Session Time: 3:15pm-4:00pm
Presentation Time: 3:30pm-4:00pm
*Purpose: Invasive fungal infections (IFI) remain a significant cause of mortality among lung transplant recipients (LTR). The emergence of non-Aspergillus molds has become a concern in LTR receiving prophylaxis with agents active against Aspergillus.
*Methods: Single center retrospective study of non-Aspergillus mold isolation in LTR transplanted from 2012-2017. Our LTRs receive universal prophylaxis with systemic mold-active triazole for 18 months and initial aerosolized amphotericin B (AmB). Proven and probable IFI were defined by criteria established by the International Society for Heart and Lung Transplantation.
*Results: 523 LTR were followed for a median of 838 days (IQR 528 – 1356). Post-transplant, 33 non-Aspergillus molds were isolated (32 in BAL and 1 from subcutaneous tissue). 28 (5.4%) LTR had at least 1 positive culture in BAL. 1 LTR had a positive culture from subcutaneous tissue only. Talaromyces non-marneffei spp was most common (6), followed by Fusarium (4), Purpureocillium lilacinum (4), Paecylomyces variotti (3), Ochroconis gallopavum (3), Alternaria (3), Scedosporium apiospermun (2), Zygomycetes (2), Scopularopsis brevicalis (2) and others (6). Median time to first isolate was 202 days (IQR 115-354). 25/28 (89%) LTR met criteria for colonization. 19/25 (76%) were receiving itraconazole prophylaxis; 5 (20%) another mold-active triazole and 1 (4%) was on weekly AmB. Antifungal regimen was changed to targeted therapy in only 20% of cases meeting criteria for colonization. 5 (0.9%) LTR met criteria for IFI (2 proven, 3 probable), with a 1-year cumulative incidence of 0.76%. Fungal pneumonia was the most common presentation (3), followed by disseminated infection (1) and soft tissue (1). Pathogens were: Rhizopus, P. lilacinum, S. apiospermum, Alternaria, and O. gallopavum. 4/5 (80%) occurred on subtherapeutic itraconazole and 1 (disseminated Rhizopus) occurred despite of therapeutic posaconazole. No significant association was found between post-transplant colonization and development of IFI (p=0.23). Only 1 LTR with post-transplant colonization developed subsequent IFI (attack rate: 4%). 1-year all-cause mortality after IFI was 40%; with 1 death attributed to IFI (S. apiospermum pneumonia).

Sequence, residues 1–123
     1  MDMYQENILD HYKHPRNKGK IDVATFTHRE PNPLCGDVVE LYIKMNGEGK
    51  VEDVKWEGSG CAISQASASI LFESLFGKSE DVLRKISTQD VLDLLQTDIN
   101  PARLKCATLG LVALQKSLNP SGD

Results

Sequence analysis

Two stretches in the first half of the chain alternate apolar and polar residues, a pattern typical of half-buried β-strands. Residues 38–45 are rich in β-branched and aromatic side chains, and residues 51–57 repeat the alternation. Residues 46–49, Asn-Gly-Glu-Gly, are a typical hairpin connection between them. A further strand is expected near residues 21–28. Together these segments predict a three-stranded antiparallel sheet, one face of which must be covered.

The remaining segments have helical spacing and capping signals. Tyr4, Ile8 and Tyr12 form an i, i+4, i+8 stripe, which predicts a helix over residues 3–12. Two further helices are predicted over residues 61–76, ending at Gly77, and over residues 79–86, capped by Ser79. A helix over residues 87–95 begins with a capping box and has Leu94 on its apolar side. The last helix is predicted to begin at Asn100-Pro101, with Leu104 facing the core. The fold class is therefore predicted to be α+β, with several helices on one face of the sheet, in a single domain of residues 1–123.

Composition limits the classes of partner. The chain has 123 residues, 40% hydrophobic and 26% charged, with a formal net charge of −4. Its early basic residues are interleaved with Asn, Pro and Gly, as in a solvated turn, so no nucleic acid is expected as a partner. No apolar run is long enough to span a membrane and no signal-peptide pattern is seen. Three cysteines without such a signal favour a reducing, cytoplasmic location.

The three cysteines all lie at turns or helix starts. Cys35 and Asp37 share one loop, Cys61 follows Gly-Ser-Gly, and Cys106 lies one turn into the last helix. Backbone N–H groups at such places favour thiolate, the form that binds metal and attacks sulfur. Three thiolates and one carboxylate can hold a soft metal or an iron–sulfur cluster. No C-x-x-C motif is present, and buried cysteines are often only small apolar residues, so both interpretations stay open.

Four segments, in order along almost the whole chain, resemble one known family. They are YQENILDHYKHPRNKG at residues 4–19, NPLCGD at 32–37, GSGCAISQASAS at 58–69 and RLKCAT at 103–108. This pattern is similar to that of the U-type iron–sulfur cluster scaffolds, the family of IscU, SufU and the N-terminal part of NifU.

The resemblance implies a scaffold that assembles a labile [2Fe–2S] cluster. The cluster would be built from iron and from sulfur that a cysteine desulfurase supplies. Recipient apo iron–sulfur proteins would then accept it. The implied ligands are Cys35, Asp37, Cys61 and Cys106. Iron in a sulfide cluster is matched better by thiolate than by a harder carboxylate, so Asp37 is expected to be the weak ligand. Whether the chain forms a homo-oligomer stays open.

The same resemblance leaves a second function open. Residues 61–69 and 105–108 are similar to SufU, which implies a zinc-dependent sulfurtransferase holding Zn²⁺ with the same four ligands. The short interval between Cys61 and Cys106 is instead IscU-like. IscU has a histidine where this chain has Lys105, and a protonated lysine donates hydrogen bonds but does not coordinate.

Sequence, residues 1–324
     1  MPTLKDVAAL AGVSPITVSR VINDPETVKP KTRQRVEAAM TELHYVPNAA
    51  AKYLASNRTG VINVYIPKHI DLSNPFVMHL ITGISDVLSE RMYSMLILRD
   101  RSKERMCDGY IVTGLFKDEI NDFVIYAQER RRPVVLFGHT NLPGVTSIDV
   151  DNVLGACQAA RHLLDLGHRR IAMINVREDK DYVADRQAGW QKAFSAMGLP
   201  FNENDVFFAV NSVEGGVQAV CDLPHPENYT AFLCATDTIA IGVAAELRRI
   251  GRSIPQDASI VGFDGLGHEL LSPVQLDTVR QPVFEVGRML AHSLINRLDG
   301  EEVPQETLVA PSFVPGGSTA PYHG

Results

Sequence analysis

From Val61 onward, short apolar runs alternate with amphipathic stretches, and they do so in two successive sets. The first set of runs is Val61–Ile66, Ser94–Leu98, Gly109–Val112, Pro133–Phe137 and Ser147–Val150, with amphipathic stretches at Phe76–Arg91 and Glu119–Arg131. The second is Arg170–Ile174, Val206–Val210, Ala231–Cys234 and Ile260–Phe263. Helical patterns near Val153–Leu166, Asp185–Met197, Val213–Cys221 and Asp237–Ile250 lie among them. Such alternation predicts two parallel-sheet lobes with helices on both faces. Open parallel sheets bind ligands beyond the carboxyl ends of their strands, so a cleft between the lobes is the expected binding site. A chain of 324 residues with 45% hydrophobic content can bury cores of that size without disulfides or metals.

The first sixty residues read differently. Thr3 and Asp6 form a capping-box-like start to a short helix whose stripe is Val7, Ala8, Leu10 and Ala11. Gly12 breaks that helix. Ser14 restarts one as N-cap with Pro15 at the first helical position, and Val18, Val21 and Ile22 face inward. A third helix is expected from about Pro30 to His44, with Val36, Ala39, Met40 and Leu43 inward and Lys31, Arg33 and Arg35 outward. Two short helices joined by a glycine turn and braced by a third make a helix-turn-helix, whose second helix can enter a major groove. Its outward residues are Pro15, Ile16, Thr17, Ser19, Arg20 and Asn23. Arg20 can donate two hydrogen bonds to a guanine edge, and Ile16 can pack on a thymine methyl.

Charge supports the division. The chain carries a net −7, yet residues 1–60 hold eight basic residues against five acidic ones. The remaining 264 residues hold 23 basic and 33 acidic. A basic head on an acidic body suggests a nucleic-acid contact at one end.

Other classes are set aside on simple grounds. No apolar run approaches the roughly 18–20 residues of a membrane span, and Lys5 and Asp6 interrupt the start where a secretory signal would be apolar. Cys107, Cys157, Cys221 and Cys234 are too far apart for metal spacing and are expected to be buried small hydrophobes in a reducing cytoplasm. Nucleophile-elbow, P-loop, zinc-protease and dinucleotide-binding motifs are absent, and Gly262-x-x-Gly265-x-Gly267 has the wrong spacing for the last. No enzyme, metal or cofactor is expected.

*Conclusions: Non-Aspergillus molds were isolated in >5% of LTR. Unlike Aspergillus, post-transplant isolation of non-Aspergillus molds was not associated with development of IFI regardless of whether or not antifungal prophylaxis was unchanged, or switched to targeted treatment. Preemptive treatment does not seem needed.
To cite this abstract in AMA style:Morillas JA, Canosa FJMarco, Hassouna H, Brizendine K. Epidemiology of Non-Aspergillus Mold in Lung Transplant Recipients at a Large Transplant Center [abstract]. Am J Transplant. 2020; 20 (suppl 3). https://atcmeetingabstracts.com/abstract/epidemiology-of-non-aspergillus-mold-in-lung-transplant-recipients-at-a-large-transplant-center/. Accessed October 24, 2020.
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